“The point of helping Ukraine defend itself against its despotic foe — like the point of defending Israel, or Taiwan, or NATO members rich or poor — isn’t altruism,” Stephens’ emphasizes, “it’s self-interest rightly understood. The kind of understanding that prewar isolationists like Vandenberg gained only from the ashes and agony of a world war. For the G.O.P. to now lose that understanding is as much a disgrace to (the party) as it is, potentially, a disaster for us all.”

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While Stephen’s takes on members of his preferred party, Democrats are right to chastise Vermont’s Sens. Bernie Sanders and Peter Welch for being two of the few Senate Democrats to oppose the aid, though their reasoning is at least credible. Their objection was not to the $60.1 billion to Ukraine, but to the $14 billion of additional aid to Israel, even though $10 billion of the $90 billion total allocation would also be used to aid desperate civilians in Gaza.

Sanders and Welch, and Rep. Becca Balint when and if the bill is called for a House vote, must distinguish between a bill that is perfect, and one that is, at this critical moment, the best compromise possible. 

Additional US aid for Ukraine has languished since this past fall as President Biden and Congress has labored unsuccessfully to pass supplemental military aid, even as Ukraine’s front lines are faltering and thousands of Ukrainian soldiers are facing a Russian army emboldened by North Korea’s and Iran’s munitions and America’s dysfunctional response caused by Republican opposition. The Ukrainian military is desperate for continued military firepower if it is to defend itself, and if America’s billions of military aid contributed so far is not to have been spent for naught.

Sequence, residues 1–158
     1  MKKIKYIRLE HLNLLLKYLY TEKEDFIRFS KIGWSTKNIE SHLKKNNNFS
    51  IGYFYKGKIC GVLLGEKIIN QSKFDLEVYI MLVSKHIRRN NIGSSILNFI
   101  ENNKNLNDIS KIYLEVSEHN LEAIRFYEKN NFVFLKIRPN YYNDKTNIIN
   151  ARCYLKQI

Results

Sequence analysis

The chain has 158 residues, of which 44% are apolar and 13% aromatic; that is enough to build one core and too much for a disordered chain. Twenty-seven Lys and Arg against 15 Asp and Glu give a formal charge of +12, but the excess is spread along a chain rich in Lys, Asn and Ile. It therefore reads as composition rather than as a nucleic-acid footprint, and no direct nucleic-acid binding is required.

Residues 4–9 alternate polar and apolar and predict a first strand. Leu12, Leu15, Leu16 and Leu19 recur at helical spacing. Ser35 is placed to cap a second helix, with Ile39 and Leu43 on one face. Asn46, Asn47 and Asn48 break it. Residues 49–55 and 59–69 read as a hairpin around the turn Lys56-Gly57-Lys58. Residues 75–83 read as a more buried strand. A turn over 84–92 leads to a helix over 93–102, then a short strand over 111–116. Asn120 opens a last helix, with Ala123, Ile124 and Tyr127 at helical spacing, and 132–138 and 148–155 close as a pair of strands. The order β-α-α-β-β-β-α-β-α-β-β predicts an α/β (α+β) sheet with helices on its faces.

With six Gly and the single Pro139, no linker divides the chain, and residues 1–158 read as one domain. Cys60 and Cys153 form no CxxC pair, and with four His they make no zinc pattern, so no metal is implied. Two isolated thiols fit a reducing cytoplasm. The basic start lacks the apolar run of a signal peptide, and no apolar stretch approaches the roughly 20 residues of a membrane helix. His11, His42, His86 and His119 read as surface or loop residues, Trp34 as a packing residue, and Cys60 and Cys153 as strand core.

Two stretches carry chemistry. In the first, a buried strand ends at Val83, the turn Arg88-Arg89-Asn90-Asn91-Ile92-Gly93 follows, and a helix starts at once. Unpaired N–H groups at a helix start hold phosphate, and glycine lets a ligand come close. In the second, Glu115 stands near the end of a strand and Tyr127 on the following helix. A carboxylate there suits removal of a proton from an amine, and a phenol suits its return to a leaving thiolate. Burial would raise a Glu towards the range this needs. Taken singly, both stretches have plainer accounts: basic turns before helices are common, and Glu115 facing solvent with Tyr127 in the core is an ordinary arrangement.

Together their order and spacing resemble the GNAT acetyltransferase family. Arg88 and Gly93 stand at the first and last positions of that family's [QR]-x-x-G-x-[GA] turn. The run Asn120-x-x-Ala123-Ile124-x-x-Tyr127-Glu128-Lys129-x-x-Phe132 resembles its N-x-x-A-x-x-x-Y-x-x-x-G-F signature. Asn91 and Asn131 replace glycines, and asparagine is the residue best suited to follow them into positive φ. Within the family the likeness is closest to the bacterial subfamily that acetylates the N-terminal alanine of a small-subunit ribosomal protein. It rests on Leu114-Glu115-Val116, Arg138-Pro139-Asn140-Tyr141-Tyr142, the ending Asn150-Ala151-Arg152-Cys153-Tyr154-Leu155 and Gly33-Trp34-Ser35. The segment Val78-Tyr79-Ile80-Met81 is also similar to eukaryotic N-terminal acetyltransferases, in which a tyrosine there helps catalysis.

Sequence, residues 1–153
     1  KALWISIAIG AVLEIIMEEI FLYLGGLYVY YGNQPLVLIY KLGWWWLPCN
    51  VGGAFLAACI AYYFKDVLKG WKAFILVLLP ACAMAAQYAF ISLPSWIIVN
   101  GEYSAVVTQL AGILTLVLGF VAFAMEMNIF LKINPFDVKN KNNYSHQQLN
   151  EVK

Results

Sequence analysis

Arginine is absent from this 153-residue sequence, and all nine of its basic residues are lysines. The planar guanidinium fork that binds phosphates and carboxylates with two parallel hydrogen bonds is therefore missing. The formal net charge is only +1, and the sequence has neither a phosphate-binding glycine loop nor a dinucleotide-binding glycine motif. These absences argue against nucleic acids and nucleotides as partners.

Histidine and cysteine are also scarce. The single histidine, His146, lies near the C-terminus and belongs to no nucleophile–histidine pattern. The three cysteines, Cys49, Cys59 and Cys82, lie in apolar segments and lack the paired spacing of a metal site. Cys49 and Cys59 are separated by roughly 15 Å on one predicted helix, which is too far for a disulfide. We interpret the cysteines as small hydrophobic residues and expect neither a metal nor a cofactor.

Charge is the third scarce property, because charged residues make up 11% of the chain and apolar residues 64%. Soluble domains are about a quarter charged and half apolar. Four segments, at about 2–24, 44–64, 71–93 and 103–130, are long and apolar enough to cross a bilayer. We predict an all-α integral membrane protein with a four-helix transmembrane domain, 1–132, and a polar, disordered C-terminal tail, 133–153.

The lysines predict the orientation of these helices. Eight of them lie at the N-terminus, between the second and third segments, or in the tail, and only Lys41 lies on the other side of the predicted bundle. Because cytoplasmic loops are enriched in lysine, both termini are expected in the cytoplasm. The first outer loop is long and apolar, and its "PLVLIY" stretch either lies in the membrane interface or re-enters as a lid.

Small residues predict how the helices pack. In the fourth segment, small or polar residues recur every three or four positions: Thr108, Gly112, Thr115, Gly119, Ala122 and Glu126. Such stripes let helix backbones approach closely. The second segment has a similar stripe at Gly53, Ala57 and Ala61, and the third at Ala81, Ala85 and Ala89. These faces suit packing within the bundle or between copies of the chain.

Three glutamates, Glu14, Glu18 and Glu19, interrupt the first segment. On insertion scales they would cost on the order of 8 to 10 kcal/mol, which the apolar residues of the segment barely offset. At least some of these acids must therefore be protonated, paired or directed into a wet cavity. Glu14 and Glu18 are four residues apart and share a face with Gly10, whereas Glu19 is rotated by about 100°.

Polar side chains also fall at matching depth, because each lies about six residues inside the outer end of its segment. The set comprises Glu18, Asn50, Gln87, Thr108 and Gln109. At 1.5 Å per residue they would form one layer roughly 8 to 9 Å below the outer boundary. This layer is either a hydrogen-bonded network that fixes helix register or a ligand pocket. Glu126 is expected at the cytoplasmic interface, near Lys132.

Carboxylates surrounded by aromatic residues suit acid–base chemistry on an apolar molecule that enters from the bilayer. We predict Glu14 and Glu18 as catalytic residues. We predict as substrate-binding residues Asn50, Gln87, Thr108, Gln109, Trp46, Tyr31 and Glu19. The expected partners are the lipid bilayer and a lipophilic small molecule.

We agree America should curtail its military aid to Israel if President Netanyahu continues his indiscriminate bombing of Gaza and inflicting mass casualties on civilians, but this bill is not the time for a protest vote, nor it is a time for Democrats to express resistance to President Biden’s election campaign in Michigan.

For Democrats to succeed as a party that has the nation’s and world’s best interests at heart, they first need a cohesive vote on aid to Ukraine in the hopes that it arrives soon enough to prevent major Russian advances. Then they need a solid show of overwhelming support for Biden against what would be a disastrous second term if Trump were elected — that includes on every issue from foreign affairs to climate change to income and educational equity to women’s rights, voters’ rights, to equal justice under a nation governed by the rule of law — not by a dictator who hopes to bend the law to his personal gain.

How to send aid to Gaza and contain Hamas, while reigning in Netanyahu’s worst impulses, will require imaginative legislation and policymaking. It’s a tall task, but it should not be one that also dooms other pieces of legislation that are far more critical to America’s national interests.

Sanders and Welch should make such political statements on X that post headlines of the moment for the few, but leave such grandstanding out of crucial legislation. The priority today is to pass aid to Ukraine and demonstrate America remains a reliable force for freedom.

Angelo Lynn